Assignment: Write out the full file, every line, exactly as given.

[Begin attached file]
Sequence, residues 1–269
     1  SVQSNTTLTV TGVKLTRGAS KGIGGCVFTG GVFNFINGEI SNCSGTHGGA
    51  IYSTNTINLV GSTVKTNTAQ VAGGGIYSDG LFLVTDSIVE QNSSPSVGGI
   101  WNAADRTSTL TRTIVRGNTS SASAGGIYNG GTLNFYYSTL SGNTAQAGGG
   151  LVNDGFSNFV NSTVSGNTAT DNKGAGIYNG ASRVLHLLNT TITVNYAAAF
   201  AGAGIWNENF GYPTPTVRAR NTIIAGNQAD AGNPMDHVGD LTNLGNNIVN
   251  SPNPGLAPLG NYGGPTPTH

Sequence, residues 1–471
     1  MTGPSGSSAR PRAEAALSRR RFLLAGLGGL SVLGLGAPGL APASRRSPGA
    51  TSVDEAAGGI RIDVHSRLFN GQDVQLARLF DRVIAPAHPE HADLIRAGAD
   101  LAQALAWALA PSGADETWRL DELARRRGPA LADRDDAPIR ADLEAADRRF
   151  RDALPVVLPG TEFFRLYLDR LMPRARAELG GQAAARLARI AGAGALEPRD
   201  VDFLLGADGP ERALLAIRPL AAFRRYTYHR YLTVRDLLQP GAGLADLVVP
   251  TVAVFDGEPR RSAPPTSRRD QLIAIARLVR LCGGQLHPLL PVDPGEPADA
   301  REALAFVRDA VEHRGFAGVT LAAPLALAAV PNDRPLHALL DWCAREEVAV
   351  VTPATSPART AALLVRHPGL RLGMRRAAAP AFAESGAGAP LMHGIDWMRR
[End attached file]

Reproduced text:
Sequence, residues 1–269
     1  SVQSNTTLTV TGVKLTRGAS KGIGGCVFTG GVFNFINGEI SNCSGTHGGA
    51  IYSTNTINLV GSTVKTNTAQ VAGGGIYSDG LFLVTDSIVE QNSSPSVGGI
   101  WNAADRTSTL TRTIVRGNTS SASAGGIYNG GTLNFYYSTL SGNTAQAGGG
   151  LVNDGFSNFV NSTVSGNTAT DNKGAGIYNG ASRVLHLLNT TITVNYAAAF
   201  AGAGIWNENF GYPTPTVRAR NTIIAGNQAD AGNPMDHVGD LTNLGNNIVN
   251  SPNPGLAPLG NYGGPTPTH

Sequence, residues 1–471
     1  MTGPSGSSAR PRAEAALSRR RFLLAGLGGL SVLGLGAPGL APASRRSPGA
    51  TSVDEAAGGI RIDVHSRLFN GQDVQLARLF DRVIAPAHPE HADLIRAGAD
   101  LAQALAWALA PSGADETWRL DELARRRGPA LADRDDAPIR ADLEAADRRF
   151  RDALPVVLPG TEFFRLYLDR LMPRARAELG GQAAARLARI AGAGALEPRD
   201  VDFLLGADGP ERALLAIRPL AAFRRYTYHR YLTVRDLLQP GAGLADLVVP
   251  TVAVFDGEPR RSAPPTSRRD QLIAIARLVR LCGGQLHPLL PVDPGEPADA
   301  REALAFVRDA VEHRGFAGVT LAAPLALAAV PNDRPLHALL DWCAREEVAV
   351  VTPATSPART AALLVRHPGL RLGMRRAAAP AFAESGAGAP LMHGIDWMRR